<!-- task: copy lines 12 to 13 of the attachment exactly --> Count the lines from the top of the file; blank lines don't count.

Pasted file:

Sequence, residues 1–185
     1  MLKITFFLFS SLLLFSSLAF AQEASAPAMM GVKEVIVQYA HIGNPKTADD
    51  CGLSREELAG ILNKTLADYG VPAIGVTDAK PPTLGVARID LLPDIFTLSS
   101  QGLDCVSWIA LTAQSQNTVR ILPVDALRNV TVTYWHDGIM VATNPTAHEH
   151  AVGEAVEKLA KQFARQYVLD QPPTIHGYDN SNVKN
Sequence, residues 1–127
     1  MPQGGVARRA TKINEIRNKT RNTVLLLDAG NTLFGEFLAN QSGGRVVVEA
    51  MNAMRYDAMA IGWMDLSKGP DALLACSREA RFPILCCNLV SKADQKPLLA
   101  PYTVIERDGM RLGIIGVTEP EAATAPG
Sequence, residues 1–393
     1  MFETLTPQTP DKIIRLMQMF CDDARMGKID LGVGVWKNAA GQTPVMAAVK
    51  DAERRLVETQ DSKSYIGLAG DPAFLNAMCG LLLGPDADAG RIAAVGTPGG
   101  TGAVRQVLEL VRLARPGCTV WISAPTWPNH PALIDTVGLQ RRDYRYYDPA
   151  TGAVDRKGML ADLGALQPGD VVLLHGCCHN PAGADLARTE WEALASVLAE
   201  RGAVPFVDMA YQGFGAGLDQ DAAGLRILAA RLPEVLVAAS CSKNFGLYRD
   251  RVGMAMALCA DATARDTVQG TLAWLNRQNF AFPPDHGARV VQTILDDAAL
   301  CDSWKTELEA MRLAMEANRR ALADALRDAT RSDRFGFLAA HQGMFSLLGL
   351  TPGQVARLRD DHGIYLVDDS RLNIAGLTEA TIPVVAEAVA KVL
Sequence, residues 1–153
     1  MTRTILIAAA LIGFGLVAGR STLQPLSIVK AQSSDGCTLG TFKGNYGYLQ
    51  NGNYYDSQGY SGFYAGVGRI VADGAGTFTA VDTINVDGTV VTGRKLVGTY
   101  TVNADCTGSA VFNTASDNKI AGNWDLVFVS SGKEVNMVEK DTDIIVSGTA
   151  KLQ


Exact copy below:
    51  DAERRLVETQ DSKSYIGLAG DPAFLNAMCG LLLGPDADAG RIAAVGTPGG
   101  TGAVRQVLEL VRLARPGCTV WISAPTWPNH PALIDTVGLQ RRDYRYYDPA